Privacy – How much have we given up?

Howdy folks! Long time, eh? I finally took a little time to provide a little care for this site.

Anyway – to the point. My friends and I used to joke about our stuff becoming self aware. Hell, we even used to wish for it… especially my car. Boy, I wish my car could talk, jump, drive itself….. I digress.

These days, technology self-awareness seems attainable – that is, if it hasn’t happened already. Technology situational awareness is already there. Need proof? Check out your smart phone.

I (currently) use the Nexus 5. As a good techie, I tied it to my main Google account to the phone and started using it. The day I ordered it, I fired up maps.google.com to search for the closest Sprint store to activate it. When I input my starting location, I noticed that my address had been aliased as ‘Home.’ I didn’t alias this manually. Best I can figure, Google assumed that I had shipped my phone to my house, and so it now knew that I lived at 1515 Mockingbird Lane (points to you readers for getting the reference without Google). Interesting, right? It gets spookier.

After 1 week, the phone began theorized that the place I travel to every morning was ‘Work.’ So, the phone prompted me – ‘Do you work at this place? Yes/No.’ I hearkened back to grade school when kids used to pass each other the same type of note. Quickly, my senses shifted from a nostalgic haze to a keen awareness about the amount of information my PHONE knows about me. …and that’s just MY PHONE.

Now, think about technologies like Nest, August, etc… the sprinkler systems that check the local weather to determine when and when not to water. In the next 10 years, most if not all of these technologies will talk to each other to automate your life.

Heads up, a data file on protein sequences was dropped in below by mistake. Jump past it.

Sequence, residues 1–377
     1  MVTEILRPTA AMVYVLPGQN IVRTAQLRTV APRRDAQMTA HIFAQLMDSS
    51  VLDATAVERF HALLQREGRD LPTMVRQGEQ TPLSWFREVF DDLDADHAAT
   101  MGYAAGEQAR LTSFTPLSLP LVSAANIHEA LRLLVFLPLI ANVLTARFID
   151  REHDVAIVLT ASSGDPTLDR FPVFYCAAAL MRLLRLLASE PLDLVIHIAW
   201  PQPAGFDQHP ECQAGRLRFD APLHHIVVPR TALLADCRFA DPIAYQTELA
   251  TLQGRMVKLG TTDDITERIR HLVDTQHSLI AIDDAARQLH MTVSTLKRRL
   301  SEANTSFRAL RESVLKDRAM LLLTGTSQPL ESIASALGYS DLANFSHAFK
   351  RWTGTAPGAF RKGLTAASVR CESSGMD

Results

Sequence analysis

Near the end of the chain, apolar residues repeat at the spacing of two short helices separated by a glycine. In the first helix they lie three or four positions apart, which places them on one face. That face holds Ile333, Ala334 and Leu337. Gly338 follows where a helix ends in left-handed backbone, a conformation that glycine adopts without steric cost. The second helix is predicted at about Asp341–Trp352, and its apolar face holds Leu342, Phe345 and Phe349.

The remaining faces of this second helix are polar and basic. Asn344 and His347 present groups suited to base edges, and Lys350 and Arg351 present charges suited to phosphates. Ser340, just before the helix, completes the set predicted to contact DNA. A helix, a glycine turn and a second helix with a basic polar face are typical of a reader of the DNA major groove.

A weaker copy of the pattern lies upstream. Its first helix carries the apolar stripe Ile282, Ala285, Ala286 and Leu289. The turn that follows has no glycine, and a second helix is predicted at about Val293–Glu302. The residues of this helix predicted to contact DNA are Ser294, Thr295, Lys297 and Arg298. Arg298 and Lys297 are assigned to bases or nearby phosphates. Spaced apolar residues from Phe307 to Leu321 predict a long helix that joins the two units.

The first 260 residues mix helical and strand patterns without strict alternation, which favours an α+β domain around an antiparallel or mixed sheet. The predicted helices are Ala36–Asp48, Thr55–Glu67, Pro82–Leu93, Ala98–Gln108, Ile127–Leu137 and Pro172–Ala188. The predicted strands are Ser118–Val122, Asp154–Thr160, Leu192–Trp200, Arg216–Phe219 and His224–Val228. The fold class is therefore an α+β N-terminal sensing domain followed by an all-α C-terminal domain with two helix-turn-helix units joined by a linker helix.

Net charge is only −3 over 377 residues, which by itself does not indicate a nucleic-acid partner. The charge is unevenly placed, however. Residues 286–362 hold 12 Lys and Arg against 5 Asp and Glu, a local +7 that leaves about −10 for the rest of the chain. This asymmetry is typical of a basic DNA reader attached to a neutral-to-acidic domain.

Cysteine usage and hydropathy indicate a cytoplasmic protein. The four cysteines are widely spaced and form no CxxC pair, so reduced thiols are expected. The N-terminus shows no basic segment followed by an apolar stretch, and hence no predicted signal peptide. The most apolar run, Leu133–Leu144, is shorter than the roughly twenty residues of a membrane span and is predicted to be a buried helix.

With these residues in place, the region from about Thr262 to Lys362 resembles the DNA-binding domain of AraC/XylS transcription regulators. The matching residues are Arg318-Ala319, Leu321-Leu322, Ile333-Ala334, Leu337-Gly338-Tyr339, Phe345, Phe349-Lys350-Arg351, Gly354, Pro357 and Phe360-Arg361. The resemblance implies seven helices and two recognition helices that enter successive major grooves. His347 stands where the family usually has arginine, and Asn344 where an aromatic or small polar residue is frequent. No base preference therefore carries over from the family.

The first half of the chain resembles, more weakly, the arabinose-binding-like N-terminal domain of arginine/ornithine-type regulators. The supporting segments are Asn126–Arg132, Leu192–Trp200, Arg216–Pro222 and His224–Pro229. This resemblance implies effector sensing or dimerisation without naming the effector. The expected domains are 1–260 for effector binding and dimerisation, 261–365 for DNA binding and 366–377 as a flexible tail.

While this sounds cool, think about how this works. Each machine must somehow monitor your behavior, and then make inferences as to your preferences. Repeat that last sentence to yourself, and then think imagine EVERY mechanical device around you just… watching you.

How does this pertain to privacy? Well, for each of these technologies to become smarter, some PERSON has to first monitor your behavior (and many many others) to create the heuristics to make the machine work. In other words, someone will mine the GPS in your phone, car, iPad, etc. These insights will be cross-referenced with your search habits in the search engine of your choice, and your purchase history from your favorite online retailer.

Are you ok with this? I’m on the fence.

2013 Toyota Camry Hybrid SE – First Weekend Thoughts

If you read my previous post, I’ve reluctantly traded in my 2007 Corvette Coupe – and I bought a 2013 Toyota Camry Hybrid SE.

A big change for sure.

Background: I’m a muscle-car guy, and always will be. I’ll buy another Corvette one day, and I hope it is a C7. My first car was a 1976 Firebird. I love them! So why a hybrid?

2 reasons.

First – my driving habits reflect the “business case” for a hybrid: Drive a lot of miles ~30-40MPH. Over the past 6 months per the Corvette’s computer, I drove an average of 27.9 MPH. My daily commute is 50 miles round-trip, and will soon be closer to 90 miles round-trip – same high-traffic conditions, just moving farther away from work. Maintenance on the Vette for a 90 mile-per-day commute is higher than I am willing to pay. Over 2 years I’d essentially need to get two sets of new tires (1600 per set), 12 oil changes (100 each), brakes (500), etc, etc. You get the picture.